Price recalled a couple of months ago noticing a car full of kids drive by, an adult at the wheel. He happened to be outside and saw the kids throwing bike parts, trash and a microwave out of the car.

Another time he followed a vehicle that he felt was up to no good, and he recalls getting into a heated argument as the individual dumped trash right in front of him.

Price said he continued to harass the dumper until the person stopped and drove off, presumably looking for less stressful place to break the tribe's solid waste laws.

The problem is not only trash dumpers, the residents said. People drive out to the area - one of the most beautiful in Dintah - to drink alcohol beverages. After enjoying themselves, they dump out their cans, bottles and empty beer cases.

"I was told that Gallup doesn't sell bottles like those," Price said, indicating the source for some of the trash likely was Sagebrush Liquors, a watering hole on State Route 264.

"I don't understand why people do this," Yellowhair said. "I tell my kids that if they throw trash out the window, I tell them what could happen and it gives them something to think about.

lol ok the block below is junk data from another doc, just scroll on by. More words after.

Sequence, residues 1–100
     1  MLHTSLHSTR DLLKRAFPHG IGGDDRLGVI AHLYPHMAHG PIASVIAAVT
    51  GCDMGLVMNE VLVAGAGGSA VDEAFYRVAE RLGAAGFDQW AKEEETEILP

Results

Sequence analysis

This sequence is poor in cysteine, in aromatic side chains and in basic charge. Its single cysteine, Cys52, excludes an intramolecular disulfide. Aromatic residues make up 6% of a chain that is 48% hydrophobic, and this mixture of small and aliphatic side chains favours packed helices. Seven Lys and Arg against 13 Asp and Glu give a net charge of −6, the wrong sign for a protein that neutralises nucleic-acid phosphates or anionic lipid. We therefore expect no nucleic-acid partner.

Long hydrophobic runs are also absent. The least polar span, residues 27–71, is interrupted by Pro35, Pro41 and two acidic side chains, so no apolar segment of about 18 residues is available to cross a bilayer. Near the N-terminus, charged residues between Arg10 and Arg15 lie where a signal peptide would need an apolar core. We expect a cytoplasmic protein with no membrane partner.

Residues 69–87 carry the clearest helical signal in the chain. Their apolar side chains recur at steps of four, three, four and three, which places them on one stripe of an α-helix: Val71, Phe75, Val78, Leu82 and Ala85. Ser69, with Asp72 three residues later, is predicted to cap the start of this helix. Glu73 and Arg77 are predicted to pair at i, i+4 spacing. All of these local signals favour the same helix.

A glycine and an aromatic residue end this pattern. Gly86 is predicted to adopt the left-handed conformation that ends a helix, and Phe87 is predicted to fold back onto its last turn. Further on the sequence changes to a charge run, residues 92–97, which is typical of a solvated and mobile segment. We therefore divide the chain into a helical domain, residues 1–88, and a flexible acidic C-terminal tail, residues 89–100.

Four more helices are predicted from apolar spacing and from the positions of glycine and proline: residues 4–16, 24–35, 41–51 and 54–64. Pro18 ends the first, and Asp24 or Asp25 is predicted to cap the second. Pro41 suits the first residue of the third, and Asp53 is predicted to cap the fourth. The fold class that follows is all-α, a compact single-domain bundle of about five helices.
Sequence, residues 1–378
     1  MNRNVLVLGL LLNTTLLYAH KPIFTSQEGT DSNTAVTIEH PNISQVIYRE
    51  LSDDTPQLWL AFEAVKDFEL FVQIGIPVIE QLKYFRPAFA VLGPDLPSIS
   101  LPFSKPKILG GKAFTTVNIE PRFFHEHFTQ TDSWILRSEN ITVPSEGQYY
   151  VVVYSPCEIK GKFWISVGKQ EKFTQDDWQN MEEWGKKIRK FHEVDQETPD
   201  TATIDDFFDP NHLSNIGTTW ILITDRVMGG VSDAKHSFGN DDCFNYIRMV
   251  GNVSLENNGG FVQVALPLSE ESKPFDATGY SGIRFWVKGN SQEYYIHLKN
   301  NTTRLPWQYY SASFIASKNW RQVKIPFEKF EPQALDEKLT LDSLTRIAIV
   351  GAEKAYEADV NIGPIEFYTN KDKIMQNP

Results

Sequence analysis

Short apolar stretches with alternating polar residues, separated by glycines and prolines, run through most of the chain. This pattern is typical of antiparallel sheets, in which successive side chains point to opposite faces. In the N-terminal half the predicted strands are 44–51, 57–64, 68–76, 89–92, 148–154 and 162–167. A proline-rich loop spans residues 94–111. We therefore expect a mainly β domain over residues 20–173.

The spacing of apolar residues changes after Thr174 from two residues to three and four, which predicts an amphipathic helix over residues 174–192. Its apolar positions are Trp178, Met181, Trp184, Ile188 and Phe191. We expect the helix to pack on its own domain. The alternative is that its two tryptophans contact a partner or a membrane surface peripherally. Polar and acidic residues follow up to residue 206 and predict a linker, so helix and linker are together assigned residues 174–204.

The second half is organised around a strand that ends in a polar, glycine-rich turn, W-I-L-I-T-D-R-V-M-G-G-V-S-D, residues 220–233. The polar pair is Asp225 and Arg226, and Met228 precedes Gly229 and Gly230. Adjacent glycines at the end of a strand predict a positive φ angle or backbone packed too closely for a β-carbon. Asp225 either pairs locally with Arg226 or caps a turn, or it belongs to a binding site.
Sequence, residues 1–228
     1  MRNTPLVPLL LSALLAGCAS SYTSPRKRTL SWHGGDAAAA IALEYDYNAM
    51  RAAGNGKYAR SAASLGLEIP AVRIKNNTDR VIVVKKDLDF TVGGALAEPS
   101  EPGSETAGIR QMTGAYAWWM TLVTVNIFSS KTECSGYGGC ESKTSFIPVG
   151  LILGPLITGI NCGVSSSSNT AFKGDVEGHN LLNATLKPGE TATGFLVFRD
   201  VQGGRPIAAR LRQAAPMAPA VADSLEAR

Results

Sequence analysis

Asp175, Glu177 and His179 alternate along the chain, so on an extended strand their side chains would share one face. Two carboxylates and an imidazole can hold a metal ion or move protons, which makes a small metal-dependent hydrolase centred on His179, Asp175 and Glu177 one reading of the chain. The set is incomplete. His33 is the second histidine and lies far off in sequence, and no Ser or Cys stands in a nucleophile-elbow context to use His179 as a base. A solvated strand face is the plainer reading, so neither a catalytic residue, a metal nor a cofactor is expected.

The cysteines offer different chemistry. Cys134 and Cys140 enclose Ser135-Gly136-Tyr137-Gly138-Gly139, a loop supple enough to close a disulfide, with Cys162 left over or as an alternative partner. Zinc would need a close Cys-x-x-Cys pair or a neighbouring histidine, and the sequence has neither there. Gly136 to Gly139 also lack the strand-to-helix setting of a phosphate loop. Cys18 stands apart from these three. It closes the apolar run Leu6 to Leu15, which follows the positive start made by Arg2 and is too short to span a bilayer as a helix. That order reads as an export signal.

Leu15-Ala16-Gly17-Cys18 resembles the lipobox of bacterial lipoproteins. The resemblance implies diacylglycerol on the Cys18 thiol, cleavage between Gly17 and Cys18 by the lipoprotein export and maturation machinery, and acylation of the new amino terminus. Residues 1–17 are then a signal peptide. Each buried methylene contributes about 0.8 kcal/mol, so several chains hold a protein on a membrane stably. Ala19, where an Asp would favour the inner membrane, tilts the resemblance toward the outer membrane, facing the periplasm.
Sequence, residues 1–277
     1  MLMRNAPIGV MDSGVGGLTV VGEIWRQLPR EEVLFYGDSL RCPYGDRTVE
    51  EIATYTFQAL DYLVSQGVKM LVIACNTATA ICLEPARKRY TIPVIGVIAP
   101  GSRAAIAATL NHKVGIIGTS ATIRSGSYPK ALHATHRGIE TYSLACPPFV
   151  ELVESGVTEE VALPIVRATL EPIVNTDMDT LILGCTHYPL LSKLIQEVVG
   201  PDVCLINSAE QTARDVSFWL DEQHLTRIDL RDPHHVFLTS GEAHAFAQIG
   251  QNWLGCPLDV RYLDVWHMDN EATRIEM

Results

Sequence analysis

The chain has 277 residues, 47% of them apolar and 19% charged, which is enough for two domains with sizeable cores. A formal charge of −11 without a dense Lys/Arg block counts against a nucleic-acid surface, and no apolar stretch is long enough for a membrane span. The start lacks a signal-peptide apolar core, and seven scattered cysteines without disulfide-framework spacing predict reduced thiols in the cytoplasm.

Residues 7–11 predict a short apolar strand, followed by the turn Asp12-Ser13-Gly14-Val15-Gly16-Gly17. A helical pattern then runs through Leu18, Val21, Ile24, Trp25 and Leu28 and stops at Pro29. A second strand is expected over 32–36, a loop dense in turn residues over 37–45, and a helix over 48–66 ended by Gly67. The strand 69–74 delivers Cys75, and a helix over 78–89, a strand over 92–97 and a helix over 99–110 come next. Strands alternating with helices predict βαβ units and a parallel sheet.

"There was this community member who I confronted," Yellowhair said. "I confronted him about why he was dumping trash here. He said, 'No one takes care of this place out here anyway.' I still see that individual around."

The tribe just won an award from the U.S. Environmental Protection Agency, but the Red Lake Road residents have found little help there for their problem.

Price said he used to log down a description of the dumpers' vehicles as well as their license plates, but after repeatedly going to the Navajo Nation Environmental Protection Agency - which receives federal grant money to enforce solid waste laws - and the Navajo Nation Police without results, he gave up.

Diane Malone, program supervisor for waste regulatory under Navajo EPA, said she is aware of the illegal dumping in the area and said investigations would be conducted.